I belong to a number of writers' groups. Periodically, newbie writers post excerpts of their work or their query letters and request a critique from the general membership.
I try to do at least one critique a week. It's a delicate balance when you critique someone you don't know online. You need to be kind while at the same time pointing out the problems. Most of the time, I do it offline rather than in the group. Recently, however, I did several online critiques--just because we had a bunch of newbie writers whom I thought might be helped by reading the comments.
Usually, I get an email online or offline from the writer thanking me for my time and trouble. Occasionally a writer will say "thank you" and then ask a question. Every once in a while, I encounter the odd duck: a writer who thought my comments were an invitation to send her entire manuscript for critique, another writer who sent a second chapter to be critiqued without bothering to say "thank you" first, and a writer who became enraged because I pointed out problems with his manuscript.
Last night, it happened again. A writer whom I recently critiqued sent a revised query letter and (without bothering to say thank you) asked for more feedback.
The letter was a mess: rambling, filled with grammatical errors, cliches and incomplete sentences. After a couple of tries at fixing it, I decided the writer would be better helped by honesty. In the kindest possible way, I told him I thought he was not yet ready to query. I pointed out the issues and suggested that his manuscript probably had the same problems his query letter had. I suggested he consider joining a critique group or taking a workshop to help address the issues. I said I thought his plot was promising and that he didn't want to burn his chances with agents or editors by sending a poorly edited novel.
In less than an hour, I got back what I can only describe as a very snotty email, telling me he was not going to spend "ten years" doing what I suggested. Included was ANOTHER revision, which he apparently had run through some computer editing program. The results were not substantially better.
Reading his email, I decided there was nothing left for me to say. I sent a final email that basically said: "I don't have a dog in this fight. I was only trying to be helpful. Good luck in your endeavors."
Of course, the incident left a bad taste. No one likes having her outstretched hand bitten. Then, as I was getting ready for bed, I remembered the first time a more experienced writer read MY beginning manuscript.
I've explained before on this blog that one of the errors I made when starting out was to not seek a critique group until after I'd finished that first manuscript. My reasoning was I needed to know I could actually finish a full-length manuscript. However, that mistake ended up costing me time. I could have been learning at the same time I was writing the manuscript. These days, I recommend that writers find critique partners (CPs) early on in their writing process. Good CPs will help you identify your bad writing habits--before they become too deeply ingrained.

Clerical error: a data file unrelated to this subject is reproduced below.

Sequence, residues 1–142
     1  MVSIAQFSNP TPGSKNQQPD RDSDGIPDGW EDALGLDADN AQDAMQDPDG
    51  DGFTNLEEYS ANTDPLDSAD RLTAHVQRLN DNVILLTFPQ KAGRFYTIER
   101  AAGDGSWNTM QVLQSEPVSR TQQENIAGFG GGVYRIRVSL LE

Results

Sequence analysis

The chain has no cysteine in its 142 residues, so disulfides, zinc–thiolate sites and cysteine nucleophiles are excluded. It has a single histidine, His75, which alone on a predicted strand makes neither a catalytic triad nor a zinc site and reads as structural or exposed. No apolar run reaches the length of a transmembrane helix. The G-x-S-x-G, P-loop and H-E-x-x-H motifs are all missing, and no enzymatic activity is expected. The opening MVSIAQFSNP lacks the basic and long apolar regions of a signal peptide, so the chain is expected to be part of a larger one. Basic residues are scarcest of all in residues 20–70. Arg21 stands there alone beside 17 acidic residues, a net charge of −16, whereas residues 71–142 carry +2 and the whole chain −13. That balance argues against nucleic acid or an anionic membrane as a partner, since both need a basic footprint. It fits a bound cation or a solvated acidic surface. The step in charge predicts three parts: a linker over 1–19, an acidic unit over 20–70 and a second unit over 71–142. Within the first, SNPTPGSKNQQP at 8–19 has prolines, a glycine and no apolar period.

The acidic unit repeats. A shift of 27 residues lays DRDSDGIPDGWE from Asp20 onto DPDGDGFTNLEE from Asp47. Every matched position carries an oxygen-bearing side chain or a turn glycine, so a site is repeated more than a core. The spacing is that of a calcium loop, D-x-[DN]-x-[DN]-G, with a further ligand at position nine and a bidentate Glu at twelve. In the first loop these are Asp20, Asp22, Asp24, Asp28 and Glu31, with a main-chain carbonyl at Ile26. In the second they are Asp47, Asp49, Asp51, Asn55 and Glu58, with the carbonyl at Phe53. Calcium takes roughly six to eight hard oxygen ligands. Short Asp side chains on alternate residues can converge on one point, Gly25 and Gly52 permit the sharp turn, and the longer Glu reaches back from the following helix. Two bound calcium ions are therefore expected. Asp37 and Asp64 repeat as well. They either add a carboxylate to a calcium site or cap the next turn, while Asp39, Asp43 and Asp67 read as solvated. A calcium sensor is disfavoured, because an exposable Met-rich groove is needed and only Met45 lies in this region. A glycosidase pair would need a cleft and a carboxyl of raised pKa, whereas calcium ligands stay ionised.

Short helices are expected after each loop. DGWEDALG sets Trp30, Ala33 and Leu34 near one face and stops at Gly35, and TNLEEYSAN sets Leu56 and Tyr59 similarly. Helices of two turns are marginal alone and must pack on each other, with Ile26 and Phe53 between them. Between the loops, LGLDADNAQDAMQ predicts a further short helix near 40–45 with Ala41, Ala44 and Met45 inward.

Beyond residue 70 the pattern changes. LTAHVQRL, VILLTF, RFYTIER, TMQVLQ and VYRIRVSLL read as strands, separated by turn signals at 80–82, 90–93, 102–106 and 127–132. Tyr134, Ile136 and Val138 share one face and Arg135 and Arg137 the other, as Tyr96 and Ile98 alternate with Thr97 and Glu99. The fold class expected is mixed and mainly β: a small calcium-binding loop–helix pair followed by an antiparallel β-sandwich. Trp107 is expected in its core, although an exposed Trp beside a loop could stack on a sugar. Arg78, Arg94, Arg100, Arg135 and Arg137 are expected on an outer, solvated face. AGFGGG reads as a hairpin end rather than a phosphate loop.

I was fortunate. Before I found CPs, three different published writers gave generously of their time to read and critique my earliest novel. They were kind, but blunt. Published writer Catherine Spangler was the first. She read my opening chapter and cut it to shreds (in the kindest possible way).
I can still remember walking away from our Saturday morning meeting. My head was reeling. I'd been so sure she would tell me my chapter was fabulous, ready to be published. Instead I had pages bleeding red ink.
In my social work training, I learned the stages of grief: disbelief, anger, bargaining, depression and acceptance. I walked out of our meeting in complete disbelief. The anger started on the drive home ("the nerve of her"). Bargaining ("If I write more words every day, I won't need her lousy critique"). By that night, I was so depressed I couldn't even write. It took nearly a week for me to go back and read her red-lined comments. But I did. And she was right. With the benefit of hindsight, I could see all the backstory. And my opening WAS flat. I'd finally arrived at acceptance.
I wrote Catherine a "thank you" note, and I made the changes she suggested. It was a painful lesson, but an important one. Looking back, she'd given me several gifts:
- She helped me identify serious problems in my novel
- She helped me develop a tougher hide (needed when querying)
- She taught me generosity (she offered her time and wisdom for free)
- She gave me a role model for being an author in the future
I don't know whether my young friend has the maturity to step outside himself and be objective. I hope so. If not, I predict he'll rack up a dozen rejections before deciding to self-publish. He'll buy 50 or 100 copies of his novel, which will end up mouldering in his attic or garage along with his dreams of being a writer.
If he truly has the fire to write, perhaps when he gets over his anger, he'll think about what I said and go through his own version of the stages of grief.
I hope so.